In yet another report worth seeing both for the factual content and the entertainment value, John Oliver addresses some problems with science, including insufficient replication, doubtful forced results ("p-hacking"), and especially sloppy science reporting in the media, notably on morning news shows.
Incidentally, for more on the subject of p-hacking, see this XKCD comic and accompanying explanation.
The problems Oliver describes have lately been a major topic for discussion in the scientific community, and serious efforts are being made to address them, so it's not like they're being ignored. But it's not necessarily clear what to do, and some in some fields it's just inherently harder to get sound results. Research related to human beings, from health to sociology, is particularly difficult.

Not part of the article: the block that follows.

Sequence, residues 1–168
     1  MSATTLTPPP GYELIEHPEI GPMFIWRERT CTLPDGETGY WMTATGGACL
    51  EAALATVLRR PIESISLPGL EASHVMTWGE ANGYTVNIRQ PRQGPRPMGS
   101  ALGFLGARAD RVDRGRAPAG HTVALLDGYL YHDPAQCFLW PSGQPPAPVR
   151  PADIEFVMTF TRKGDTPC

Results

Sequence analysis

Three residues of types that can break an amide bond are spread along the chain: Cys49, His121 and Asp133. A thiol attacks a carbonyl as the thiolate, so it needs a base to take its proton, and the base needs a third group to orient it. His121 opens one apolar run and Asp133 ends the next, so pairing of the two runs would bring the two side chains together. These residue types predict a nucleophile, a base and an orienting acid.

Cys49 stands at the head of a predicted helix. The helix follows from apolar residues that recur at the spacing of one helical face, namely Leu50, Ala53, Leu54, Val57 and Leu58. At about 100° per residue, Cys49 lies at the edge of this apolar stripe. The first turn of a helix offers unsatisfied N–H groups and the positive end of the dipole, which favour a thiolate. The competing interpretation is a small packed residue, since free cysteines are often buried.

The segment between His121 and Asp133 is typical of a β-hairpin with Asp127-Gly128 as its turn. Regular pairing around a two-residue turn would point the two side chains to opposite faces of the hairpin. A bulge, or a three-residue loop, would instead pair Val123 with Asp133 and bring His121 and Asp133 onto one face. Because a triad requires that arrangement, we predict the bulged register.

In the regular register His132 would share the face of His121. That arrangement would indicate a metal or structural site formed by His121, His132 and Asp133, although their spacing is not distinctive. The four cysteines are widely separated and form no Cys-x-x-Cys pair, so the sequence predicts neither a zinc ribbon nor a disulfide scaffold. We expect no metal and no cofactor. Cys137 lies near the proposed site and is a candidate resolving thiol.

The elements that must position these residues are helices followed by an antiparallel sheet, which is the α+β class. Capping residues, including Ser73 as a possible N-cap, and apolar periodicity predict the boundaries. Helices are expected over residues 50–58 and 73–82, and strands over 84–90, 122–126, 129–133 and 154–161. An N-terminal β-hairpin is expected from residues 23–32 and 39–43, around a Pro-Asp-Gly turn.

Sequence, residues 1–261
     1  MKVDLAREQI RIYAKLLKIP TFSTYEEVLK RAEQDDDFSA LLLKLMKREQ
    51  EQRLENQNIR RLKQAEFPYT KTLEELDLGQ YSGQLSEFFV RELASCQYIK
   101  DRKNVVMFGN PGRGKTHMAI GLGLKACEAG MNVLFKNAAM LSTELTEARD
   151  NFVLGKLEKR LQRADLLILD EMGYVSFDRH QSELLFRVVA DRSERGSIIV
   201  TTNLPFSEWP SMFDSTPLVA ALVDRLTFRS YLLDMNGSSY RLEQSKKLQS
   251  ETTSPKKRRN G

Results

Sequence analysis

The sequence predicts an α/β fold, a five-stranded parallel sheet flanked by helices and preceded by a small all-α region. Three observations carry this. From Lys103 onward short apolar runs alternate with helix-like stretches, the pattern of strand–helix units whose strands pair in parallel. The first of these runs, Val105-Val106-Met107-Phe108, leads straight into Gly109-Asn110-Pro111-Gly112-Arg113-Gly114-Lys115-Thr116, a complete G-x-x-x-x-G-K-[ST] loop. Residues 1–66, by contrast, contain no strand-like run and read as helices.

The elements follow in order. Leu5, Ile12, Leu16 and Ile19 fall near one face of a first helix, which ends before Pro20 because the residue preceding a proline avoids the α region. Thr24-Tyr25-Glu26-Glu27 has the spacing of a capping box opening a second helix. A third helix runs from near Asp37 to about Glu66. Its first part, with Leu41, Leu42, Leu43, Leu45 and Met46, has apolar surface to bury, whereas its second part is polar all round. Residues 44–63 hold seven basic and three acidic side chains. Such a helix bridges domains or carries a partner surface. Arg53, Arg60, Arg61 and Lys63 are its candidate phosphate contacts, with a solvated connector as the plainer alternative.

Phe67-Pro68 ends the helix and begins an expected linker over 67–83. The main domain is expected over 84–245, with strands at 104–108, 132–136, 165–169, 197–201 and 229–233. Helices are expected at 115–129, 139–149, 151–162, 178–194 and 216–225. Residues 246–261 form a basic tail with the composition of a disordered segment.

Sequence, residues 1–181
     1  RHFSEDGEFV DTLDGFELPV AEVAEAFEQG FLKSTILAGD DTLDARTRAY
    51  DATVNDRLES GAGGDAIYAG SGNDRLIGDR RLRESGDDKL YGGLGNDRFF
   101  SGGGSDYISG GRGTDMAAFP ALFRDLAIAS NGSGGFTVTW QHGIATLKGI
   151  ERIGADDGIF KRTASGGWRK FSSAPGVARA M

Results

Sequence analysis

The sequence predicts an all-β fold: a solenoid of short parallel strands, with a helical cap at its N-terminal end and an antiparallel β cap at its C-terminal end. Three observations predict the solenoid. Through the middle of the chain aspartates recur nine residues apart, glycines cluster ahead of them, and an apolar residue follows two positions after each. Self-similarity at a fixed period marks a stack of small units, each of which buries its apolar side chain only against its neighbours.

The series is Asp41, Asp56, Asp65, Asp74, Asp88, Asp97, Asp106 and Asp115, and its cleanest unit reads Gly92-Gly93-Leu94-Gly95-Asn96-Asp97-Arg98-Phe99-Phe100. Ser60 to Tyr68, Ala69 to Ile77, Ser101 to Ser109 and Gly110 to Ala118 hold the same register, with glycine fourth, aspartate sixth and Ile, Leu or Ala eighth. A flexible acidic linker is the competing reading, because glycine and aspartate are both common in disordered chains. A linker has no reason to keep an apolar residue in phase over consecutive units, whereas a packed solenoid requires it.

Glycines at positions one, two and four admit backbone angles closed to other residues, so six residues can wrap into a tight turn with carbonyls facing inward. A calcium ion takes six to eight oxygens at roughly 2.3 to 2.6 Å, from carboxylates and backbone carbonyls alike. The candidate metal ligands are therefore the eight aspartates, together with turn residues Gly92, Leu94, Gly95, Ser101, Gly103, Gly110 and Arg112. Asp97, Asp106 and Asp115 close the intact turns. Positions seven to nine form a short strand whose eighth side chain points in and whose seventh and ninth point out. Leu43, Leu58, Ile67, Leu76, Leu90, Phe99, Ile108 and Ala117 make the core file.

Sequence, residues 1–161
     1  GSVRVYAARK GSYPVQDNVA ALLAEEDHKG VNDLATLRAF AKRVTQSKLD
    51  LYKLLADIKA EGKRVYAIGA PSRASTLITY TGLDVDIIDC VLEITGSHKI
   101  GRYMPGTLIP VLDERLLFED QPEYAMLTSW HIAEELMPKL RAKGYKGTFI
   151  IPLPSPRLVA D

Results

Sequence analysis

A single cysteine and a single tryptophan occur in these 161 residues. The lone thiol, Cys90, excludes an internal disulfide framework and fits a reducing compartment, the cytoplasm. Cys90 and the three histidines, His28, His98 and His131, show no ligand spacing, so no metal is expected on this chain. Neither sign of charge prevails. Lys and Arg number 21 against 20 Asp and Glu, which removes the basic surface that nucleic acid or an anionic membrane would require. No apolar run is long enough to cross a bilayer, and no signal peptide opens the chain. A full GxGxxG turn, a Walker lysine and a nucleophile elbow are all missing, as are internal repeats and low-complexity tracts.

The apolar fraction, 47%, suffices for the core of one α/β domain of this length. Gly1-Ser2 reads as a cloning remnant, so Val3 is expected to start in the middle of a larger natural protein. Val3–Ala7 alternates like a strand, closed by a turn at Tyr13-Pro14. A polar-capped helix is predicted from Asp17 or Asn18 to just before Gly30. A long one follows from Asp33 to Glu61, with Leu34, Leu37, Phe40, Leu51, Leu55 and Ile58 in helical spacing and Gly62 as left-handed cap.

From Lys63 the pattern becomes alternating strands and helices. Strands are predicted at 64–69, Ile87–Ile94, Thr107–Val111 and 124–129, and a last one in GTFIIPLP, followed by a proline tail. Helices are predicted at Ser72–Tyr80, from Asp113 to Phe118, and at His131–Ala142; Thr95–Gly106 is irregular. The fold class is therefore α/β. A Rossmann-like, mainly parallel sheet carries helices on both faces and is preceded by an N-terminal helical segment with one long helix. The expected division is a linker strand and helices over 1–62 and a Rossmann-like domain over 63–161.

As Oliver suggests, one of the biggest problems with bad science is that besides simply being misleading, it can cause unjustified public doubts about really sound science. There's a big difference between isolated individual studies with questionable results (or with results wildly exaggerate or completely misrepresented by the news media) and immense bodies of research and evidence for things such as evolution, global warming, and quantum mechanics. But for many non-scientists the distinction isn't clear.by